Thus opens "Writing: An Act of Responsibility" by Phyllis Barber, which serves as the introduction to The Best of Mormonism 2009 as well as a personal reflection by the author on the role of contemporary Mormon writers in Literature. As is clear from the opening paragraph, this essay, like the entire anthology, holds its own ground. So, one might ask, why even publish an anthology of Mormon writers? If they truly are on par with their intellectual peers across the nation, why not read their work in Black Warrior Review, Iowa Review, Puerto del Sol, New Yorker, etc.? Obviously, one reason might be the same reason I assume Duane Niatum put together Harper's Anthology of 20th Century Native American Literature in 1988. Prejudice. Lack of market. Unequal access. History distorted by other voices. The desire to be taken seriously without abandoning your culture.

But, I think there is another reason, which is indicated by the fact that this personal reflection is written in second-person, not first. Very different from say Natalie Goldberg, whose personal reflections are always wonderfully personal, wonderfully informal, wonderfully irreverent. That second person is there for two reasons: First, as Mormon artists we are unsure of ourselves in the outside world. Not afraid that we aren't good enough writers, but afraid that if we write about what matters to us most, our religion, we won't be taken seriously by non-Mormons. So we distance ourselves, seek safety in the second or third person.

The truth is we don't fully believe that we can "describe a situation so truthfully that the reader can no longer avoid it." Not that we'll fail as writers, but that the world will fail as readers--that the mere mention of our religion will kill any chances of being heard. Believe me, this is a valid fear. If you're still tuned in, you're more enlightened than most. Thank you.

Barber doesn't openly discuss this fear. Most Mormons won't. When it comes to facing prejudice, Mormons have largely turned the other cheek. It's what we're taught. Confrontation kills the spirit. The Holy Ghost and argument can't coexist. It's pretty difficult to get a well-brought-up Mormon to Bible bash. The unintended effect is a lot of us spend much of life invisible. Not that people don't know we're Mormon. We're pretty open about that. Not that people don't know we're writers; we're pretty open about that. But we're afraid to be Mormon writers. We want our intellectual and artistic life to be separate from our spiritual life. Absurd, of course. If poetry is bread, and I'm Mormon, it's ridiculous that I should try to write only secular verse. And yet we do. That is the deadliest effect of prejudice. It makes the victims question themselves. I am is no longer I am. I am is either what you want me to be or I am is a reaction against what you want me to be. Either way, I am no longer exists.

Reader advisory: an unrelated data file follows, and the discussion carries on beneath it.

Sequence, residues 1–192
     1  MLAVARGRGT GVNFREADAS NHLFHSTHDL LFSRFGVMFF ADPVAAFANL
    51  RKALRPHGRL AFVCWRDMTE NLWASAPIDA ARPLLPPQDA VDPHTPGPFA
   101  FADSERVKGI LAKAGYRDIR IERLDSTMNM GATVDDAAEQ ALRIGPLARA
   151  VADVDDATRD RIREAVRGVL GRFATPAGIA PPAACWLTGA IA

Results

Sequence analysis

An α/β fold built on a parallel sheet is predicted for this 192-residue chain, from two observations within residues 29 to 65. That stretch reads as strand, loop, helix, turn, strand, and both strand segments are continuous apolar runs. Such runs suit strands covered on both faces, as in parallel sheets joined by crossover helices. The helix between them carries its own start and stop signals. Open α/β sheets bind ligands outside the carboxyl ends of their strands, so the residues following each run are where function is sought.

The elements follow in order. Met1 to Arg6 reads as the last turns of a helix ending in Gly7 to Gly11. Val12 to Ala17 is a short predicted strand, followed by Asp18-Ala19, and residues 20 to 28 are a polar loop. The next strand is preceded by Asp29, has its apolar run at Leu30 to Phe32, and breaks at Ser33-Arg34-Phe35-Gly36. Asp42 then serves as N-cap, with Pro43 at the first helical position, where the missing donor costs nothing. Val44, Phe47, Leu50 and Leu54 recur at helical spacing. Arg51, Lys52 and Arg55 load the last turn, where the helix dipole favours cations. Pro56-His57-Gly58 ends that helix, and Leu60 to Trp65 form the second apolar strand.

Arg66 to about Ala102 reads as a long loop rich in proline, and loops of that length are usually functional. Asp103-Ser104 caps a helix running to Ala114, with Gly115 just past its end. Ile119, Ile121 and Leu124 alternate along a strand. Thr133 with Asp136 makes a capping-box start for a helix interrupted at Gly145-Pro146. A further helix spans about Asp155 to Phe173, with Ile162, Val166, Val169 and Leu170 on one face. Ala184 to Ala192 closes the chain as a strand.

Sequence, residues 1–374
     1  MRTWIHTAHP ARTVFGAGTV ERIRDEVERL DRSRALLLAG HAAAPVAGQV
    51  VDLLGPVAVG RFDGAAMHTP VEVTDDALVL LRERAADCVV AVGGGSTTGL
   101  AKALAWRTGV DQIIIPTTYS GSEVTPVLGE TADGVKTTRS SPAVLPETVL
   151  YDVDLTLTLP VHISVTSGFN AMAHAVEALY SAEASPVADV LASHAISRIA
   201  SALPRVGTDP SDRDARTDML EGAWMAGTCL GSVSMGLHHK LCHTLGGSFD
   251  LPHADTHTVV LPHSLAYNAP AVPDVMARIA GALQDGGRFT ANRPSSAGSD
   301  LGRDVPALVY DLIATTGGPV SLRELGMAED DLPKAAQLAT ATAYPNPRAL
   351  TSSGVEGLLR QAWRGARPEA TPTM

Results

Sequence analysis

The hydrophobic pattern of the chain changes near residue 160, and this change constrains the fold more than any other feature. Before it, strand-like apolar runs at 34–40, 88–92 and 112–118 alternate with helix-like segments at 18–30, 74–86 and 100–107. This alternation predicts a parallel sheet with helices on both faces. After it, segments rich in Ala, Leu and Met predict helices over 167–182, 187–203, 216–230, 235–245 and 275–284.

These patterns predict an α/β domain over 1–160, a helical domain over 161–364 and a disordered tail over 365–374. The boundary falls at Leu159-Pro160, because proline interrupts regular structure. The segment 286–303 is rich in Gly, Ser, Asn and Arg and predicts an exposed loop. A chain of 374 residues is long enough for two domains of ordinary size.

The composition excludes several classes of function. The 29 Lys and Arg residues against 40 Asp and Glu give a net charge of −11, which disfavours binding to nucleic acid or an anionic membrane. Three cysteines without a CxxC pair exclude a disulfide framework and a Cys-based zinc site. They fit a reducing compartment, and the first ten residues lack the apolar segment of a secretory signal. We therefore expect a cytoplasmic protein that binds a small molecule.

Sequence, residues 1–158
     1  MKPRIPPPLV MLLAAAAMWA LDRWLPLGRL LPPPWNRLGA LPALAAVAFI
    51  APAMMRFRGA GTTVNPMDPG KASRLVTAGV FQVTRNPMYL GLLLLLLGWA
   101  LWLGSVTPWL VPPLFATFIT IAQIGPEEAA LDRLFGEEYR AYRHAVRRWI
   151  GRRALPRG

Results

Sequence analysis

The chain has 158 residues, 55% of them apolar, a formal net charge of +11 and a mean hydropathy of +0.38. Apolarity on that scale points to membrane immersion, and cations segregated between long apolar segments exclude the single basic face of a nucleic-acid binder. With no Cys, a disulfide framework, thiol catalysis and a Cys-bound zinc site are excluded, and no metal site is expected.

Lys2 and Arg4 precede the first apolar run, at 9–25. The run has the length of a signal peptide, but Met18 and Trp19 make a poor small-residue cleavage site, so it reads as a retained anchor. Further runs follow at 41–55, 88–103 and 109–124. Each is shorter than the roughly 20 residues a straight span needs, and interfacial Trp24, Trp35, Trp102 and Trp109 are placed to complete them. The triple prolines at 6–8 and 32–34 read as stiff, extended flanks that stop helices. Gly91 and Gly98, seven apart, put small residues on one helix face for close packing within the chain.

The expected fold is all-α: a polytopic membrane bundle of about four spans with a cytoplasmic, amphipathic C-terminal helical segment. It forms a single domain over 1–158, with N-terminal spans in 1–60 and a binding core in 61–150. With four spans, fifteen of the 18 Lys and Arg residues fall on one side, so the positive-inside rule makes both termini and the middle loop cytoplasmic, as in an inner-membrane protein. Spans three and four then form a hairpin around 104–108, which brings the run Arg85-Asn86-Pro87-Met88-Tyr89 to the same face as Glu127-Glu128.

Barber does talk extensively about the other fear that plagues Mormon writers. Will we be open enough, or will our religion cloud our vision? In other words, will we be as prejudice towards others as others are towards us? Will we get on our high horse?

In reflecting on this, Barber uses politics as a venue to discuss the role of personal belief in literature, paraphrasing Italo Calvino's rules as a start:

1) Literature should never be used for a single cause--i.e., Maoist theory is the only valid subject for Chinese writers.

2) Literature should never be viewed "as an assortment of eternal human sentiments". It is not the job of the writer to write what is already known, but to discover the unknown.

3) Literature is vital when it "gives voice to whatever is without a voice".

4) Literature has the potential to "impose patterns of language, of vision, of imagination, of mental effort and the creation of a model of values that is at the same time aesthetic and ethical".

I believe Calvino's descriptions of the right and wrong mixtures of politics and literature extends perfectly to matters of religion. I also believe Calvino's descriptions of right and wrong mixtures extends to many of the arts. I therefore propose to write several small articles about the work of Mormon writers and artists.

The purpose is not to proselytize. I'll leave converting to the missionaries who have probably already knocked on your door during supper time. And the purpose is not to build bridges--to find universal values that we share across our distinct cultures. If you don't like me for who I am, too bad. I spent the first thirty years hiding who I really am, and I've been done with that for more than a decade. I AM.

Rather, I want to demonstrate that there is a healthy, vital Mormon arts community out there, and if you're not familiar with it, you're missing out. Imagine the world without Jewish, Catholic, Buddhist or Islamic art.

Secondly, Mormon culture is strong enough to ""impose" unique "patterns of language, of vision, of imagination, of mental effort and the creation of a model of values that is at the same time aesthetic and ethical." Much of Mormon art is uniquely Mormon. Just as you can't read Issa or Basho without becoming a little bit Buddhist, you can't read or listen to certain Mormon works without becoming a little bit Mormon.

If that scares you, well, you've got a problem. But, you don't have to deal with it. Just exit this blog, don't return to it, and your world will remain forever the same.

As for my title, "What do Chekhov, Issa, Basho, Duane Niatum, Natalie Goldberg and Italo Calvino have to do with Mormonism?"

Nothing really, but would you have you typed in "Mormon Writers," "Mormon Artists" or "Phyllis Barber" in your search? Probably not. Thus the need for this and many similar posts.

Sunday, April 1, 2012

Last night, while watching On Sacred Ground (Part IV) by Truman G. Madsen, I was struck by a Jewish saying and the context in which it was presented.  Paraphrased, it goes like this:
If you save an individual, you save a race; if you destroy an individual you destroy a race.
Madsen explains that when Abraham was commanded to sacrifice Isaac he knew of the plan of salvation, the way families are linked forever, and that in sacrificing his son, he would not only be ending his son’s life on this earth, but that he’d be breaking the family chain forever, for to sacrifice his son would be an act of murder, which would make him unworthy of the Celestial Kingdom.   And yet his faith was so strong he was willing to do it, for he knows that through obedience he is promised an eternal family.  Through faith then, he assumed that somehow Isaac will be made whole again, and his family will continue.
What struck me so strongly is the worth of the individual--not only because of himself or herself--but how essential the he or she is to the integrity of the whole.  I had to ask myself, do I treat everyone I come in contact with, with the respect they deserve, knowing generations are counting on them to be the best person they can be?  Am I there to help others in the way others have helped me?